Origins of Whisky – The Name and Drink

origins of whisky

Continuing on my little diversion down the side streets and into the dark and enchanting world of whisky, I thought I would tell you a little bit about the origins of whisky.

What Does Whiskey Mean?

Whiskey has a bit of a mishmash of origin in terms of its name.

Most people know that the word whiskey is derived from a Gaelic word “uisge” which when spoken aloud broadly sounds the same. The word “uisge” means or translates as the word for water.

In modern anglicised language, it began to be spelt as the English heard it spoken which ultimately resulted in the word whiskey.

Origins of Whisky and Whiskey as Spellings

But its unusual origin doesn’t entirely stop there, and the Gaelic language isn’t entirely responsible for the word whiskey being used to denote the alcoholic spirit.

For that, we need to look to the Romans and specifically Latin which commonly called spirits by a blanket term “aqua vitae” which translate into modern English as “water of life”.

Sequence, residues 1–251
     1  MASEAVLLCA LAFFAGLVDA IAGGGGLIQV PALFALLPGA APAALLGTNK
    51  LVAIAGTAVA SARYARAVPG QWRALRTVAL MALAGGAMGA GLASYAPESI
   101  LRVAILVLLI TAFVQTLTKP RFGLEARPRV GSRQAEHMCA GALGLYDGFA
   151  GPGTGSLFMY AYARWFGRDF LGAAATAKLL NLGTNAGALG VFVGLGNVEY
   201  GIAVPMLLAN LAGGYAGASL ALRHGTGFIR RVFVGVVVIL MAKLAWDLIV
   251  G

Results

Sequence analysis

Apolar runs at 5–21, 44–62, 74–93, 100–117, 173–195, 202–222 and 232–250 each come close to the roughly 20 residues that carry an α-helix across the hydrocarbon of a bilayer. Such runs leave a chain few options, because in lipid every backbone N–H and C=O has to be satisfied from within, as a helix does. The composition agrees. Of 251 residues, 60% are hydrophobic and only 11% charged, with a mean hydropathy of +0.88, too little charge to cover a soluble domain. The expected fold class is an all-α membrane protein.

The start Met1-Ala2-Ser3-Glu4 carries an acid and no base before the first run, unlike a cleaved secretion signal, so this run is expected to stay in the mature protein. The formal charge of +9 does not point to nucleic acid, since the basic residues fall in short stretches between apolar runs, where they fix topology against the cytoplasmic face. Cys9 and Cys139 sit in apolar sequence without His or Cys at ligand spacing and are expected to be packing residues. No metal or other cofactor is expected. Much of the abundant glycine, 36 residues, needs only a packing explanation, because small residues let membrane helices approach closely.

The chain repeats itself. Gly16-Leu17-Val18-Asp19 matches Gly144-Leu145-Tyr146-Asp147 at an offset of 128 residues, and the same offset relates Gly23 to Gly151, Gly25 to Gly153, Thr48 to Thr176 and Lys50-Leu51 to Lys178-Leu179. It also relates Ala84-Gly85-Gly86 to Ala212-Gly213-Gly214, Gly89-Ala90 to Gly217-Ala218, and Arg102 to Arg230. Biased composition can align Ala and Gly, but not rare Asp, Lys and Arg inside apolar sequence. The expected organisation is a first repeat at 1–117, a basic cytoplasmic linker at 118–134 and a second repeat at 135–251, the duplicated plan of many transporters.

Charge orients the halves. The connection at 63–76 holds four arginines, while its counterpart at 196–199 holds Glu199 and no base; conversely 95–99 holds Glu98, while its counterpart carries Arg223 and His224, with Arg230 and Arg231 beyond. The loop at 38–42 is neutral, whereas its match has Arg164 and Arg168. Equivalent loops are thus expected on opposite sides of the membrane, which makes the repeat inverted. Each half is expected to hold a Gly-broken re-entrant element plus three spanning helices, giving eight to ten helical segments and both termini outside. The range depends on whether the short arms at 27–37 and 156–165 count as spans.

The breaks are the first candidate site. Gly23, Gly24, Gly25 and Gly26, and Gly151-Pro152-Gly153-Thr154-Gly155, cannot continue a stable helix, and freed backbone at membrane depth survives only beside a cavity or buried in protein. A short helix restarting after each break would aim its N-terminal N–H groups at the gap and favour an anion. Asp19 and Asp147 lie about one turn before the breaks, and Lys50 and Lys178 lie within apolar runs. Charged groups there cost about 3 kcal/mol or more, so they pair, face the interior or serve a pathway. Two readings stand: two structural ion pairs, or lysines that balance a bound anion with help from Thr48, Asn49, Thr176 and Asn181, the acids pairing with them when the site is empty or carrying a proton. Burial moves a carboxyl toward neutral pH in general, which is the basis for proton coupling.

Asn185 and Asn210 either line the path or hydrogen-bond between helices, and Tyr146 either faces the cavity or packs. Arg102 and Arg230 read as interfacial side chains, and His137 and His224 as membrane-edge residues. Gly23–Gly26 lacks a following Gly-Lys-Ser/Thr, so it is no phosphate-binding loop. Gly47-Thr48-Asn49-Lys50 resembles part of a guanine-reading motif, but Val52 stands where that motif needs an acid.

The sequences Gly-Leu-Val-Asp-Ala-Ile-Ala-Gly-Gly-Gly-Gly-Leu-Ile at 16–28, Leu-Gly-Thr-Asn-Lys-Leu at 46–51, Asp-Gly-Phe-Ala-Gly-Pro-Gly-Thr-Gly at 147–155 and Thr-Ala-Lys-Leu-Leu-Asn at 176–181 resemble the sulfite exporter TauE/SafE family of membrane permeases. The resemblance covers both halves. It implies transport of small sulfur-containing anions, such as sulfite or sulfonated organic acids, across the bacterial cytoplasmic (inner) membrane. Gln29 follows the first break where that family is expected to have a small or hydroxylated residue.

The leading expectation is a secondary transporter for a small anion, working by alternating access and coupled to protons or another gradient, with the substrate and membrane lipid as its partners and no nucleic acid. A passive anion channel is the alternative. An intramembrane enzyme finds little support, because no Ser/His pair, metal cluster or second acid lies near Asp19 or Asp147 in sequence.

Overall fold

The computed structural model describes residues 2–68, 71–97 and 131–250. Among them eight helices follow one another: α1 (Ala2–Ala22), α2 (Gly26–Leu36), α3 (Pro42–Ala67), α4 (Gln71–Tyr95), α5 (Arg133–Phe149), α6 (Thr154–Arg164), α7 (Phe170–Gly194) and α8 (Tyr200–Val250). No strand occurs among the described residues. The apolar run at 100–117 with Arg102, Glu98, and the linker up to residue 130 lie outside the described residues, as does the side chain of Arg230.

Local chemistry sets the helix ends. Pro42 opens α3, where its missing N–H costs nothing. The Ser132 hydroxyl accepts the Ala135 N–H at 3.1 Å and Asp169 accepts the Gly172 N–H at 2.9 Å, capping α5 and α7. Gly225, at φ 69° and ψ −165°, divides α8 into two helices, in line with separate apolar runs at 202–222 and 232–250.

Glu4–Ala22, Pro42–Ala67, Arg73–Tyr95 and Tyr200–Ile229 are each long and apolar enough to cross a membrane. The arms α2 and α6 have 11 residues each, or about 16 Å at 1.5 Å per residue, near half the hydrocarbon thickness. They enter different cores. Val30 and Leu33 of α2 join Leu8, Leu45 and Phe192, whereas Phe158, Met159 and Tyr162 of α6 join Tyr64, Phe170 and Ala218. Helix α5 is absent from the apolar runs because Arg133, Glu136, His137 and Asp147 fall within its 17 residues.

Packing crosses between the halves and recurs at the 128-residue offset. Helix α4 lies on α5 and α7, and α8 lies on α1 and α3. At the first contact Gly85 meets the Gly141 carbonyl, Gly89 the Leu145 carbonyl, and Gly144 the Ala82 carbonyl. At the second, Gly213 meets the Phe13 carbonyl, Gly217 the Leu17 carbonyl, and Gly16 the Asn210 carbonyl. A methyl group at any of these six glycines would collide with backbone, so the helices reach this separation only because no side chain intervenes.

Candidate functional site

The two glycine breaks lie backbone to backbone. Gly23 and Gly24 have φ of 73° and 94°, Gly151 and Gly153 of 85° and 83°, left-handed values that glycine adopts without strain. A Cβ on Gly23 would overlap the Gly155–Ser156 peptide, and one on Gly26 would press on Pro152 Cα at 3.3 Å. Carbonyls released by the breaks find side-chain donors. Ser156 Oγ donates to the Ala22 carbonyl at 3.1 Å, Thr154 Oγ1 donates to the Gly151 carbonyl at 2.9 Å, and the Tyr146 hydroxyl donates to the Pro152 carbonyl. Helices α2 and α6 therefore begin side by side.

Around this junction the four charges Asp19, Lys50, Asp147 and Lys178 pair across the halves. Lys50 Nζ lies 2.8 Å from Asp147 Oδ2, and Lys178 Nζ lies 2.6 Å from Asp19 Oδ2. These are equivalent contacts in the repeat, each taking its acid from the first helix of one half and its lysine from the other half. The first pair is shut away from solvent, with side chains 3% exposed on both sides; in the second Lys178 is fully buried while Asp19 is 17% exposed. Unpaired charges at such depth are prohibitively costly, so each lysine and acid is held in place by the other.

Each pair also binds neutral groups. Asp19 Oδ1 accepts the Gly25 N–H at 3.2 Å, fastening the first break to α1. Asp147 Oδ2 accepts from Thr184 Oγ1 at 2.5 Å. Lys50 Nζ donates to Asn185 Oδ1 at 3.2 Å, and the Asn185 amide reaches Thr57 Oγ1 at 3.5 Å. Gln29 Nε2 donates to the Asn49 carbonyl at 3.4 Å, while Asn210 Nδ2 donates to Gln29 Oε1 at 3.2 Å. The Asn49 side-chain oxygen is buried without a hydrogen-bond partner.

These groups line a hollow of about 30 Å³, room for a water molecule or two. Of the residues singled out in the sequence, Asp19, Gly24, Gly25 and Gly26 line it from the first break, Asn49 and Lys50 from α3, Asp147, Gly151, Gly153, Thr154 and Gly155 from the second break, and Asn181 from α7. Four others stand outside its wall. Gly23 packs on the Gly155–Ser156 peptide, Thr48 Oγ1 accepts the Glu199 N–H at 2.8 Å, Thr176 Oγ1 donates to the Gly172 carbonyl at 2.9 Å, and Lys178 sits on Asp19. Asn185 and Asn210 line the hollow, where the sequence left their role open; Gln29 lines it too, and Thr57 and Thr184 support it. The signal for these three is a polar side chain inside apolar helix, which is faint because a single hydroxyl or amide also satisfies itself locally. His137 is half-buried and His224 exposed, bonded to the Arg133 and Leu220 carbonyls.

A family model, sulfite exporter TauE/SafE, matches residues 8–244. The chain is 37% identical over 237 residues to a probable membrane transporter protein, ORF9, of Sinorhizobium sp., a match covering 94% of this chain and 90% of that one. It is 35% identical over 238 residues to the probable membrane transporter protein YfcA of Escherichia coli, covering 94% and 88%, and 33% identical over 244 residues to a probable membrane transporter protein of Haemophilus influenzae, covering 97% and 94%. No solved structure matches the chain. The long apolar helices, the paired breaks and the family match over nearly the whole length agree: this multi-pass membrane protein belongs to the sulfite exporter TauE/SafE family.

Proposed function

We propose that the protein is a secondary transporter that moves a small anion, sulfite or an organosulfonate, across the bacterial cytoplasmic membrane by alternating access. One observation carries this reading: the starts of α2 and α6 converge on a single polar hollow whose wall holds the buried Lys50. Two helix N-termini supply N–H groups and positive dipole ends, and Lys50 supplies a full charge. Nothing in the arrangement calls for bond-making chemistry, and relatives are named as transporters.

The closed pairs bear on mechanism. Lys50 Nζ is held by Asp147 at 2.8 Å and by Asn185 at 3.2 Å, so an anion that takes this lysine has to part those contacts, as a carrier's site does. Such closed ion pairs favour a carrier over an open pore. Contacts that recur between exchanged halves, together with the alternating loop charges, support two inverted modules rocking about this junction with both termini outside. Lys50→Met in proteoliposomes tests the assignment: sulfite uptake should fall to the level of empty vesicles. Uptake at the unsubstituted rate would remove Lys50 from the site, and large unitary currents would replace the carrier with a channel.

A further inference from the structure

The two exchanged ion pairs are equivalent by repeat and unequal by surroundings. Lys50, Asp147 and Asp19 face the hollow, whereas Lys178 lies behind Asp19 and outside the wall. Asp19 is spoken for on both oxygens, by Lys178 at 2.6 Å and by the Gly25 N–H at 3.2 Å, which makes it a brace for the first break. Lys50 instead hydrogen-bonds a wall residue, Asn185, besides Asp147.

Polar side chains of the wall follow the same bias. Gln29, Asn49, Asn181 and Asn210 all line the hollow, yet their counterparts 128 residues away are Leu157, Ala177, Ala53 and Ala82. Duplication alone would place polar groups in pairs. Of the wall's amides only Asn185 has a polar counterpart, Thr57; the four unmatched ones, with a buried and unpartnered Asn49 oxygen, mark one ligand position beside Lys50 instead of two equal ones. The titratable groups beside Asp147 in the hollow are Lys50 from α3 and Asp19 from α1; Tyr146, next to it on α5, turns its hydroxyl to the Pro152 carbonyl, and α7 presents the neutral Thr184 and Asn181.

When Britons were naming their new favourite tipple, they looked to use the same language usage as their Latin ancestors and drew on the Gaelic word for water to do just that.

Misnaming Whisky – A Historical Blunder?

They failed however to take more than just the word water from the Gaelic language and now whiskey when traced back simply translates as water.

The intention however was that it would be named from the root Latin term “water of life” and originally whiskey was written in full Gaelic as “uisge beatha.”

It is for this reason that you sometimes hear distilleries mis-translating the word and stating that whiskey means water of life or another common misrepresentation is “fire water”.

But if you want to settle the argument down the pub, whiskey means simply water, which is just as well because some drink it like it is water.